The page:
Medieval Period (1066-1485)
1. Feudal System
Ranking of people in pilgrimage.
- Peasants (Vassals)
A peasant received a piece of land in return for serving a lord or king, especially during war. They were also expected to perform various duties in exchange for their own fiefs (areas of land.)
2. Code of Chivalry
- Defend the weak.
- Be courteous to women.
- Be loyal to the king.
- Serve God above all others.
- Be humble.
- Show mercy to the enemy.
- Be truthful & keep one's word.
- Exhibit self-control.
3. Laws of Courtly Love
- Be humble and chaste.
- Don't break up another relationship.
4. Medieval Estates
- Those who pray (church)
- Those who fight (warriors)
- Those who work (merchants)
5. Seven Deadly Sins
The Seven Deadly Sins can be memorized using the acronyms PEGSLAW or EGGPALS.
6. Four Humors
- Sanguine causes a person to be cheerful, associated with blood.
- Choleric causes a person to be angry, associated with yellow bile.
- Melancholy causes gloominess, associated with black bile.
- Phlegmatic causes sluggishness and apathy, associated with phlegm.
The relationship between a person's physical appearance and their personality/character. Notably:
- Red hair = quick tempered
- Broad forehead = intelligence
- Gapped teeth = bold/aggressive
- Bulging eyeballs = greedy
8. Notable People
- St. Thomas a' Becket was the Archbishop of Canterbury murdered by his followers.
- John Wycliffe translated the Bible from Latin to English.
- Johann Gutenberg was credited with the invention of the movable type printing press.
- William Caxton printed the Canterbury Tales, first English book salesman.
- Thomas Malory is the author of Le Morte d'Arthur, a book of famous tales about King Arthur, Guinevere, Lancelot, and The Knights of the Round Table.
9. The Canterbury Tales
Written by Gregory Chaucer, as a collection of 24 tales about 29 people on a pilgrimage to see the shrine of St. Thomas a' Beckett. Referred to as a frame tale (stories within a story) written in rhyming couplets. Each tale is a fabliau, a short story dealing with humor and sexual themes.
- It's April, and everyone meets at the Tabbard Inn in Southwark.
- Each person tells 2 stories on the way there and 2 on the way home.
- The winner is the person with the best story, and everyone has to buy the winner a meal.
Important Characters (TL;DR)
- Knight is true to himself, gentle, wears simple tunic, not obsessed with his appearance
- Squire is the son of Knight, not as serious as his father, focuses on what he's wearing
- Yeoman is a servant fighter, wears green hood & coat
- Nun/Prioress likes manners, pleasant & friendly, sentimental
- Monk is a manly character, hunts, loves women, fat
- Friar is mellow, fixed marriages, highly beloved
- Merchant told stories of how he never lost, great in negotiating
- Oxford Cleric is a student, studies a lot, jobless, spent all money on education
- Sergeant** at law** knows every judgment, case, & crime, very busy man
- Franklin is a wealthy landowner, wears girdle & has satchel
- Cook known for creamy chicken dish, oozing ulcer assumed to make it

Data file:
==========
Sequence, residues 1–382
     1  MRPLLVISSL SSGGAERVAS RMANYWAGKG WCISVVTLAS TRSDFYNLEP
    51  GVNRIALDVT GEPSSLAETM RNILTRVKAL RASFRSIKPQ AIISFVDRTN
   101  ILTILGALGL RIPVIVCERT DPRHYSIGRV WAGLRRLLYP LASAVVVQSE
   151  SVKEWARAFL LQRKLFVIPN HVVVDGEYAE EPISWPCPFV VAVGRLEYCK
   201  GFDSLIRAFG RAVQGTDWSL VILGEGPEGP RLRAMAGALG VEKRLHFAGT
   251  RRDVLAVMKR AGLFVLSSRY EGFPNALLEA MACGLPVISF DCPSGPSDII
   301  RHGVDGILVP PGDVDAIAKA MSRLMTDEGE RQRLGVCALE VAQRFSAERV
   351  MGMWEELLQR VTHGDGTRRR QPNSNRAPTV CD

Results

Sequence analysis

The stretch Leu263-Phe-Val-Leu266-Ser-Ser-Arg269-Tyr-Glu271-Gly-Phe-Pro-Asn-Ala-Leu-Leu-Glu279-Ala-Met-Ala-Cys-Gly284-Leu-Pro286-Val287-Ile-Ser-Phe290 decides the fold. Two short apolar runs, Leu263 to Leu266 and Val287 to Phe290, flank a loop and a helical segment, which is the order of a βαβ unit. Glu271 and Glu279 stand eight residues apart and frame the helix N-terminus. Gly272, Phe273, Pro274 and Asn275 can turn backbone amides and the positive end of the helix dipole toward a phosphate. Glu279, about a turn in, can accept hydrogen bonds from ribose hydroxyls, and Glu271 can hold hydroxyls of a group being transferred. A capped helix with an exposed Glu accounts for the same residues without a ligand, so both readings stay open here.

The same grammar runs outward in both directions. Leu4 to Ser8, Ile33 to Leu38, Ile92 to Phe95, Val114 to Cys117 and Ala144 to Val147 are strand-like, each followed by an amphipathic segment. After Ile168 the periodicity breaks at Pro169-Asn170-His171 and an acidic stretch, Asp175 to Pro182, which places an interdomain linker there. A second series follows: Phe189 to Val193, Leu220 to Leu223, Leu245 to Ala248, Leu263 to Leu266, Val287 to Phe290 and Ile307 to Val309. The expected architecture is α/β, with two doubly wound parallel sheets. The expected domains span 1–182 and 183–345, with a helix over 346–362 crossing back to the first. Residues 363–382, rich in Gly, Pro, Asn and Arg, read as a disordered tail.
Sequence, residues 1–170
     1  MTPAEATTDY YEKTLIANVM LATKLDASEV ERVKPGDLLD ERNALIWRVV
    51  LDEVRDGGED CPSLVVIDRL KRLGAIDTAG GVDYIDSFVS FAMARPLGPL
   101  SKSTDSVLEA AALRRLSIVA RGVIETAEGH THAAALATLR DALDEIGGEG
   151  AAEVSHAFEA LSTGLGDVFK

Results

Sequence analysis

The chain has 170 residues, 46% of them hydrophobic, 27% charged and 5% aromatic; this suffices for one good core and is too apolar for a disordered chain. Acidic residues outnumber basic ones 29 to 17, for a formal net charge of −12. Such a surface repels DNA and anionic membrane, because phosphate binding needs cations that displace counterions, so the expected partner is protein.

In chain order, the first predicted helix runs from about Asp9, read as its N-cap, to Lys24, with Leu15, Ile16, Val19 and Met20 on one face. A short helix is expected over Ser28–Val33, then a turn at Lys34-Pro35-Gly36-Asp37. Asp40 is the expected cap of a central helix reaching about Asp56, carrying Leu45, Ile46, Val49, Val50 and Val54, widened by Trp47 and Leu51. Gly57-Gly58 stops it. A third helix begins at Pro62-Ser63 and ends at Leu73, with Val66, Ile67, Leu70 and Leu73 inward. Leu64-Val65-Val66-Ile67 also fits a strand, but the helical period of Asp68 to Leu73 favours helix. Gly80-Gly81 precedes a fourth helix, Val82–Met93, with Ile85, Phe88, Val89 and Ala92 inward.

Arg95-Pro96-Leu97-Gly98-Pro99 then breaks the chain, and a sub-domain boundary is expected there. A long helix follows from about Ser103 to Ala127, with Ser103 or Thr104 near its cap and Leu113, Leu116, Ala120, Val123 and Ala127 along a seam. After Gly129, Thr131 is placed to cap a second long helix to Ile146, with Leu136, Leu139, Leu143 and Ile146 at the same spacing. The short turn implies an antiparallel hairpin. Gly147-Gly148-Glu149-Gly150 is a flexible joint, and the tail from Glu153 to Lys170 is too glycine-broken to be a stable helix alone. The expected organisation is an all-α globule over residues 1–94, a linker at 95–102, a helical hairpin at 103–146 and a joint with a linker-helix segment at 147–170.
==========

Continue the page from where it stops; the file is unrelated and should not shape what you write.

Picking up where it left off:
- Doctor is a good talker, did not read Bible a lot, wears "blood" (red garment as irony)
- Miller wears a stout (broad/knotty), short shouldered
- Wife of Bath has a noble face, married 5 times, always donated to the poor
- Parson is a clerk, preached Christ's gospel, found sufficiency in little things
- Plowman lived in peace, with perfect charity, and no misfortune
- Reeve is old, chloric, thin
- Summoner has harrow eyes, garland on head
- Pardoner visits court of Rome, yellow hair, bulging eyes, carries a pillowcase
- Host owns a hotel, supplies with food and wine, proposes ideas of telling stories
A tale within The Canterbury Tales. It's the hanging bathtub story.
- Love triangle between Alison, her young naive husband John, Nicholas and Absalon.
- Alison cheats with Nicholas and convinces John that the world is ending with a flood.
- Absolon lusts for Alison and tries to get a kiss but instead gets the rear end.
- Causes Absolon to scream "water" making John think the flood is coming.
- The two have an affair. John looks like an idiot in the process and falls to the ground (fall from innocence) in front of the townspeople.
A tale within The Canterbury Tales, comes after the Physician's Tale.
- 3 young men drink and gamble. Death awaits under oak tree.
- Finds gold under tree, no longer concerned with killing death.
- Moral of they story: Greed is the root of all evil.
- Ironic that the pardoner is greedy!
10. Sir Gawain and the Green Knight
- King Authur is the knight of the round table at Camelot.
- Sir Gawain is King Authur's nephew following the Code of Chivalry.
- Tragic flaw: Loves life so much that he will lie to protect it.
- Green Knight is a large muscular figure that challenges round table knights to a battle. Carries a huge axe.
- On New Year's Eve at a feast on the court, a strange figure, the Green Knight stops by challenging any brave representative to a game.
- Green Knight will allow whoever accepts the challenge to strike him with his own axe on the condition that they find him in exactly one year to receive a blow in return.
- Authur initially hesitates but takes the challenge, cutting off the knight's head. The Green Knight picks up his severed head and rides off.
11. Monty Python – Quest of the Holy Grail
Monty Python is a low budget parody movie based on the Quest of Holy Grail that used coconuts to imitate the sound of horses.
- Holy Grail is the cup Jesus drank at the last supper.
- Seat Perilous is the empty seat of the Round Table, reserved for the knight who would be successful in the quest of the Holy Grail.
- Galahad is the son of Sir Lancelot and